Although choking isn’t a common phenomenon, it is an emergency situation where some simple first aid techniques could make all of the difference and save that person’s life. Choking is a time critical event, and by acting quick you can make all of the difference, if an individual cannot remove the foreign object occluding their airway, then suffocation and cardiac arrest will soon ensue.
What is the first thing when you realise that someone is choking, don’t panic. Keep calm and you will be best able to assist them. If you are not sure is someone is choking, simply ask them and they will give you an appropriate response. When you’ve established that the individual is choking, call 999 and ask for an ambulance, this means specialist help will be on its way. Try and encourage the patient to cough, coughing is the least invasive of the foreign away occlusion removal techniques. Individuals are sometimes able to dislodge the foreign body by coughing it out, but after a few attempts, or if they are completely ineffective/cannot cough, you will need to move onto the next technique.
Encourage the patient to lean forward, you now will need to give 5 back blows in the centre of the back, between the shoulder blades. Use a flat palm and put some force into the blow. With the patient leaning forward and the 5 back blows this can often cause enough force to dislodge the object. If these fail then you must move to abdominal thrusts. Stand behind the patient and interlock your arms at the top of their abdomen, just under where the diaphragm is. With sharp thrusts inwards and upwards 5 times, this can often cause enough pressure to shift the occlusion.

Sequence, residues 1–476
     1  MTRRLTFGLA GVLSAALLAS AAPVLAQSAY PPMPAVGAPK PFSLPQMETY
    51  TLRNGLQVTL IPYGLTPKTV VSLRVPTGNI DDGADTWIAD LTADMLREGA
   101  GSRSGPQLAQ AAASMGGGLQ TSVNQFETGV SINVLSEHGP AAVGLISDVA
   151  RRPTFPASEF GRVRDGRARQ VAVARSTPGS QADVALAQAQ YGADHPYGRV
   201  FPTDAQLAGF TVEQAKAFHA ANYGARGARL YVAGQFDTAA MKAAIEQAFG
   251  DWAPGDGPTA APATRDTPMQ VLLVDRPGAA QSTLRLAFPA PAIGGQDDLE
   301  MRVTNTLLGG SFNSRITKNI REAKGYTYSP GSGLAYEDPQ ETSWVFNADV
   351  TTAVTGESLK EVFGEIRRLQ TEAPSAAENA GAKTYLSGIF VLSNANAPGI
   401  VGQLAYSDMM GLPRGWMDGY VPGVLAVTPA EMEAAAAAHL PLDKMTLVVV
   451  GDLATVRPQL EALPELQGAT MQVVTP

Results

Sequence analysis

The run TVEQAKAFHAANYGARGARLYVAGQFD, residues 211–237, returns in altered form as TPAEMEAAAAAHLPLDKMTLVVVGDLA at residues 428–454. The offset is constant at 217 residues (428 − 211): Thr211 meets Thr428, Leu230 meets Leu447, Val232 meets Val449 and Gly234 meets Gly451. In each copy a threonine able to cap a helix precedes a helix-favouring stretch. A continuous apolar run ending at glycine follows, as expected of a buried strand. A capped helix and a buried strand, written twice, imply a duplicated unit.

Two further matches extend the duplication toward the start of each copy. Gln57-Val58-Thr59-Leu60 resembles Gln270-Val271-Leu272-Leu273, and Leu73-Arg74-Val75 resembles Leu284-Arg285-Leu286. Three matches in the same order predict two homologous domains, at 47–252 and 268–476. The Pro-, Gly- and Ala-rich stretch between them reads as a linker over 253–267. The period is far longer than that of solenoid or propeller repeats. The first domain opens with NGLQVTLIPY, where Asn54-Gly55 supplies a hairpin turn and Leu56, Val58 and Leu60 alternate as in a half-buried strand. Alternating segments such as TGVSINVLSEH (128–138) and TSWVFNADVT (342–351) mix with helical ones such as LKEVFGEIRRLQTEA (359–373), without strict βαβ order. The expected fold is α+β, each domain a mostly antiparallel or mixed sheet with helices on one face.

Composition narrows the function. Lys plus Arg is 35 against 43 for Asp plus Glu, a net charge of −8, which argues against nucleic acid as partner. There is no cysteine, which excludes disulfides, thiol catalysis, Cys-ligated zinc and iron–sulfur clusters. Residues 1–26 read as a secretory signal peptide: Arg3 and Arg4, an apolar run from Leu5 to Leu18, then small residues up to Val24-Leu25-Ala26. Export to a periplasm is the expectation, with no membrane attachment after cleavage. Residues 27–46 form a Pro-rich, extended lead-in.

If neither of these techniques work then begin to alternate the two in a cycle, 5 back blows, 5 abdominal thrusts, 5 back blows, 5 abdominal thrusts… Continue this cycle until the object is removed or the ambulance arrives to take over care. If the patient becomes unconscious from choking and ends on the floor, start doing chest compression’s/cardiopulmonary resuscitation (CPR). The action of CPR can often allow for the object to be dislodged. Unless you can clearly see the object and easily grasp it, never place your hands in the persons’ mouth. By doing so you may be pushing the object further into their trachea, or you may cause them to be sick and that will further occlude the airway.